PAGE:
Involvement of glutathione/glutathione S-transferase antioxidant system in butyrate-inhibited vascular smooth muscle cell proliferation


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Abstract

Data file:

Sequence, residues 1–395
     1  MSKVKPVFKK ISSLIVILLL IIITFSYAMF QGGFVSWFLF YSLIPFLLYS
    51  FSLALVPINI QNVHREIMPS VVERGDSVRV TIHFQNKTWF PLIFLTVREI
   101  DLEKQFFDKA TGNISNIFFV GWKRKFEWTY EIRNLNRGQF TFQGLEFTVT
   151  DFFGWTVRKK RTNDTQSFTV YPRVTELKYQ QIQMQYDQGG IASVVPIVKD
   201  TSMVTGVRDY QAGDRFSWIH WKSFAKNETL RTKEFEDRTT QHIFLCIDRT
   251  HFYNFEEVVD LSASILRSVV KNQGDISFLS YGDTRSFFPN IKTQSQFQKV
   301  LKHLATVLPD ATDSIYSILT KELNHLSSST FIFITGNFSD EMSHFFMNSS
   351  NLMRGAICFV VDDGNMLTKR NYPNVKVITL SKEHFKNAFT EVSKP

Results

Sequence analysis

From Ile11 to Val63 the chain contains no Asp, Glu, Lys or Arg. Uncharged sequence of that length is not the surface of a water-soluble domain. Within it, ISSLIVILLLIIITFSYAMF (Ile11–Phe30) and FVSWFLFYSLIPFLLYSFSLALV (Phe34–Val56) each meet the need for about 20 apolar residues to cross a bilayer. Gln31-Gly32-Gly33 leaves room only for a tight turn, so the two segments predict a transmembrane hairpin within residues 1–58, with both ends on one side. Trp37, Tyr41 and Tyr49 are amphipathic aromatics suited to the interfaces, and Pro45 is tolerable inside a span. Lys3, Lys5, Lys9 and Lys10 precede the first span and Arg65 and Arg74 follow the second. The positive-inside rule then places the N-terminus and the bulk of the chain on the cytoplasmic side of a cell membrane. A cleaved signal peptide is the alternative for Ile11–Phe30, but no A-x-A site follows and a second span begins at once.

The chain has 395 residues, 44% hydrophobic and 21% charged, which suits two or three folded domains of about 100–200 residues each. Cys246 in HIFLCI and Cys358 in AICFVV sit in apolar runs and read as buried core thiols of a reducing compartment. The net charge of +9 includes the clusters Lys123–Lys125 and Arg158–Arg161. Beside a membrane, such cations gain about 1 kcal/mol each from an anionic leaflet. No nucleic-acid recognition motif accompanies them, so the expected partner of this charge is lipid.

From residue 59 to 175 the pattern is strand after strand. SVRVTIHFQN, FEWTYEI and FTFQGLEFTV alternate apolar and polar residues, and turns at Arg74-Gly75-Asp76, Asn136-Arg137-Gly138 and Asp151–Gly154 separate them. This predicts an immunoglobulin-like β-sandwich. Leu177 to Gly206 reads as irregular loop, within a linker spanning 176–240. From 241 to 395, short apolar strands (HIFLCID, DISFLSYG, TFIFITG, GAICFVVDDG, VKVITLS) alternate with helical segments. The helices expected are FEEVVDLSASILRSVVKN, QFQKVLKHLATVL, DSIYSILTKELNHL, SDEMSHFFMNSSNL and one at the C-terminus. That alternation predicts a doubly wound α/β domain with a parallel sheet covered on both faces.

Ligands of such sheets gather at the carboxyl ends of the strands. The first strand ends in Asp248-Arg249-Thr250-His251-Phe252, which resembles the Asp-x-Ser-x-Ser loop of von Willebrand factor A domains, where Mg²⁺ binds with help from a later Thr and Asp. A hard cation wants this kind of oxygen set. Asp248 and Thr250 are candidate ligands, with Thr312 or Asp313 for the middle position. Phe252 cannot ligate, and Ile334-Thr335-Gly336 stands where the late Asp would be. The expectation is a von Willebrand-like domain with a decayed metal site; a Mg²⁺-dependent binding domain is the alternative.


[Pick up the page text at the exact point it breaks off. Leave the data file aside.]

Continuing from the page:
Vascular smooth muscle cell (VSMC) proliferation is an important etiological factor in vascular proliferative diseases such as primary atherosclerosis, hypertension, arterial and in-stent restenosis, and transplant vasculopathy. Our studies established that butyrate, a bacterial fermentation product of dietary fiber and a chromatin modulator, is a potent inhibitor of VSMC proliferation. The cardiovascular health benefits of a high-fiber diet, the principle source of butyrate in the body, have been known for a long time, however, very little is known about the antiatherogenic potential of butyrate. Because oxidative stress plays an important role in the pathogenesis of atherosclerosis, we examined involvement of the glutathione/glutathione S-transferase (GST) antioxidant system in butyrate's inhibition of VSMC proliferation. Treatment of proliferating VSMCs with butyrate leads to the induction of several GSTs. Interestingly, our study also demonstrated the nuclear localization of GST-P1 (GST-7-7), which is considered to be a cytosolic protein; this was demonstrated using immunostaining and was corroborated by western blotting. Also, the butyrate-induced antiproliferative action, and the induction of GST-P1 and its nuclear localization are downregulated when butyrate is withdrawn. Furthermore, assessment of intracellular glutathione levels reveals their augmentation by butyrate. Conversely, butyrate treatment reduces the levels of reactive oxygen species in VSMCs. Collectively, the butyrate-treatment-related increase in glutathione content, the reduction in reactive oxygen species, the upregulation of GST and the nuclear localization of GST-P1 in growth-arrested VSMCs imply that butyrate's antiproliferative action involves modulation of the cellular redox state. Thus, induction of the glutathione/GST antioxidant system appears to have other regulatory role(s) besides detoxification and regulation of the cellular redox state, for example, cell-cycle control and cell proliferation, which are both critical to atherogenesis.

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